Single source image of Monteithium ascetum, a strange, rainforest darkling beetle with antler-like lobes on its thorax, from the summit of Mt Sorrow near Cape Tribulation, North Queensland.
It used to be difficult to take photographs of small insects because at high magnification, a camera cannot focus on the top of an insect at the same time as the lower parts. This is called low depth of field.
New technology takes all the sharply-focussed parts of a series of digital photographs, the source images, taken in slices from the top to the bottom of an insect and combines them into one sharp image. The resulting photograph has been “montaged”. The most common programs used to do this are Automontage, Combine Z and Helicon Focus.
This is a similar process to what an illustrator does. The resulting image is not as clear as an illustration and cannot emphasise important structures or compensate for viewing-angle distortions, twisting of the body or curled up legs. However, taking a digital photograph is so much faster that fewer scientific illustrations are now being done. Four or five photographs might be needed instead of one drawing but this is still less work than a top-grade illustration takes.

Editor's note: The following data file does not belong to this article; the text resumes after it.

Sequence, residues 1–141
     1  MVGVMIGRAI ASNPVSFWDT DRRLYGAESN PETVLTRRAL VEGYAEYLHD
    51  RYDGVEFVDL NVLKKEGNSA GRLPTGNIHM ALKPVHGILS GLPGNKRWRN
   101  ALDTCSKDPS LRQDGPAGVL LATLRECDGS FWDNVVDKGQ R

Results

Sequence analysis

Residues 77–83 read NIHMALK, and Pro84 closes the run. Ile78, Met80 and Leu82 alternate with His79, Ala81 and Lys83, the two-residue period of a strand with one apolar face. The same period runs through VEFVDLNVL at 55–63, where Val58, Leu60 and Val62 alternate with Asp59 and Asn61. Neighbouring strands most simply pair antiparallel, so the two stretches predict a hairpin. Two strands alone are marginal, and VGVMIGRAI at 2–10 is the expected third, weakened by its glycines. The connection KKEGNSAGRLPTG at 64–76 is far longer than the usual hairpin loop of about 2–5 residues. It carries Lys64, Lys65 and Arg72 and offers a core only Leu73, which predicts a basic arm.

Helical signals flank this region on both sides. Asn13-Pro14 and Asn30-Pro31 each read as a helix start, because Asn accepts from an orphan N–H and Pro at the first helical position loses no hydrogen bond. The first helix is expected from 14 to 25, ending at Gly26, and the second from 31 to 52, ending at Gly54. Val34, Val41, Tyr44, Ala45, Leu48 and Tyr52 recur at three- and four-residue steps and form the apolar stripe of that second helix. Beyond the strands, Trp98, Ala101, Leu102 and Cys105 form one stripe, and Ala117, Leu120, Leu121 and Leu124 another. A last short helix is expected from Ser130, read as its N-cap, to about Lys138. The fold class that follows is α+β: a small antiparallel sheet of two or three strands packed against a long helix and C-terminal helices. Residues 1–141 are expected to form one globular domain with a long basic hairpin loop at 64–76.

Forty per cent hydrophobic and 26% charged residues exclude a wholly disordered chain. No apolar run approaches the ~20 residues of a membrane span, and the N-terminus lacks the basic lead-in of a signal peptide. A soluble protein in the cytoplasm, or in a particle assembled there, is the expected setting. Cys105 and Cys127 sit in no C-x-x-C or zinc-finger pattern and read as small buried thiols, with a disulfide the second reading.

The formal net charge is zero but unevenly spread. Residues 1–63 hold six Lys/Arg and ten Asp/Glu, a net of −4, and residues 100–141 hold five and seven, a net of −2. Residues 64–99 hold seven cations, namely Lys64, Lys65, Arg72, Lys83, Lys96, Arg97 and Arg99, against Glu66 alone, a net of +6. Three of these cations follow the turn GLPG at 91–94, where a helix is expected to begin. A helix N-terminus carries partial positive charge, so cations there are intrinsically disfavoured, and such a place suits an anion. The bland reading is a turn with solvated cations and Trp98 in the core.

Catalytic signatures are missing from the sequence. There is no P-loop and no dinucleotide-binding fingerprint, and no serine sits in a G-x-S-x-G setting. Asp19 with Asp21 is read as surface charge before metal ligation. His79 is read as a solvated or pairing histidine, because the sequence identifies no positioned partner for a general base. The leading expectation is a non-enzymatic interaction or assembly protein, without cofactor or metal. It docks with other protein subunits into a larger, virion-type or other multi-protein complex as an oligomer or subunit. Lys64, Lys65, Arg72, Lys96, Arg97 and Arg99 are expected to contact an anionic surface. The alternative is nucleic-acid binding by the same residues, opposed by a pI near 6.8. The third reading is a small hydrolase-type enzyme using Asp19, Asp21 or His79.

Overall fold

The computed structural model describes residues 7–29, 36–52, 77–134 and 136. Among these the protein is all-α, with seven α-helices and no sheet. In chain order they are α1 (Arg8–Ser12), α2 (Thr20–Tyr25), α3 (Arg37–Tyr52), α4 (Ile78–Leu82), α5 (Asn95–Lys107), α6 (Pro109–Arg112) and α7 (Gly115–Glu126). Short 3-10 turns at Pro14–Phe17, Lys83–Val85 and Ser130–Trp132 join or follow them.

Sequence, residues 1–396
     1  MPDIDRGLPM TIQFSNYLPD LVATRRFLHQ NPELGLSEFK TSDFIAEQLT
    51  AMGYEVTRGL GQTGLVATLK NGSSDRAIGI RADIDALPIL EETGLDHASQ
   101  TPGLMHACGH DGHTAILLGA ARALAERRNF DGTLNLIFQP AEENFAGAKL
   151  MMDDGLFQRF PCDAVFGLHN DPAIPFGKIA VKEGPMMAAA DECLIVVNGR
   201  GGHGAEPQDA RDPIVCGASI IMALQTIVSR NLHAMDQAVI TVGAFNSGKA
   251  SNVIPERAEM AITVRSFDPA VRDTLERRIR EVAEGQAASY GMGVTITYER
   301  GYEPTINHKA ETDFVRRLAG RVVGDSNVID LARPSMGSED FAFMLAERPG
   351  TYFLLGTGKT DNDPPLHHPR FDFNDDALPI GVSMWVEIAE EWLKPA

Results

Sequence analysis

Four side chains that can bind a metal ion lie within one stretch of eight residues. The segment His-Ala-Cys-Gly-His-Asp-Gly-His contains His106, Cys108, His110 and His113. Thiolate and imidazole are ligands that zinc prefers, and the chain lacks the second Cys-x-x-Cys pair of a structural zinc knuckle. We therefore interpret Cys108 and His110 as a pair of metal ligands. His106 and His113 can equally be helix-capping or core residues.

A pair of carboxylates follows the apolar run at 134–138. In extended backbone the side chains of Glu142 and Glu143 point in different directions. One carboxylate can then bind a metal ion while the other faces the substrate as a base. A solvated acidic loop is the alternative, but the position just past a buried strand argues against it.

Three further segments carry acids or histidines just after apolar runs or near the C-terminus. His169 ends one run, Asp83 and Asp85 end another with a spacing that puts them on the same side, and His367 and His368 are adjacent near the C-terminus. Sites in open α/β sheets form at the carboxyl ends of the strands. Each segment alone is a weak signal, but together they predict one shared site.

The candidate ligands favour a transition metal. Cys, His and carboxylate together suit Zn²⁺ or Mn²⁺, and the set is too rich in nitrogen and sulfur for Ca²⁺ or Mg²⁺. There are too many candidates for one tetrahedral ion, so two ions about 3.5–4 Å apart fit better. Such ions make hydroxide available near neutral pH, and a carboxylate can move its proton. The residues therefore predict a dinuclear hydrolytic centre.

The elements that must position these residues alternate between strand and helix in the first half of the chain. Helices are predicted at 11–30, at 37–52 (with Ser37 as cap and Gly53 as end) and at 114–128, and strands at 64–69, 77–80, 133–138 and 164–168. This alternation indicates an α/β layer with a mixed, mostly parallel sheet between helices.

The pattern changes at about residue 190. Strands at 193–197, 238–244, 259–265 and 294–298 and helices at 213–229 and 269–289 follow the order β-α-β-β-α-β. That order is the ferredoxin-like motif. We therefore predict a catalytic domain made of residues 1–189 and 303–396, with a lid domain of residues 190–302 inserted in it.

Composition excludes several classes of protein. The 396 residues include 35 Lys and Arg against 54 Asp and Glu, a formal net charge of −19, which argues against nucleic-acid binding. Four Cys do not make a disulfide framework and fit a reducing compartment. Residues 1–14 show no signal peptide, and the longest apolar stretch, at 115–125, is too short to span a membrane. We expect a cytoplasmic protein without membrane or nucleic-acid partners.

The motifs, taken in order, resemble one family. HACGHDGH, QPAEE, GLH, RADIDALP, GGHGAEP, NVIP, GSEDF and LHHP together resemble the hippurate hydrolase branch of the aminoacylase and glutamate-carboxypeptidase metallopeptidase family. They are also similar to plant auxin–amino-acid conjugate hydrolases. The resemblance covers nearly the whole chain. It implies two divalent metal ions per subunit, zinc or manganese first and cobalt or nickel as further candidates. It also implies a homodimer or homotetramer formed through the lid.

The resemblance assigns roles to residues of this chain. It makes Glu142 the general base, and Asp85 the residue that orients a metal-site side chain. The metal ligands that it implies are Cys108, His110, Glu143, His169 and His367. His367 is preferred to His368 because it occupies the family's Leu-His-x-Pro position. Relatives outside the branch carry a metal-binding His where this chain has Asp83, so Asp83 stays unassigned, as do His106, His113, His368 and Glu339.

These montaged photographs sometimes require careful editing when the automatic selection of the sharpest parts of the source images makes mistakes. The images can be further refined using digital illustration techniques.
After all the hard work is done Automontage software can then produce a 3D image.
Combined high-depth-of-field image of Monteithium ascetum.
Queensland Museum's Find out about... is proudly supported by the Thyne Reid Foundation and the Tim Fairfax Family Foundation.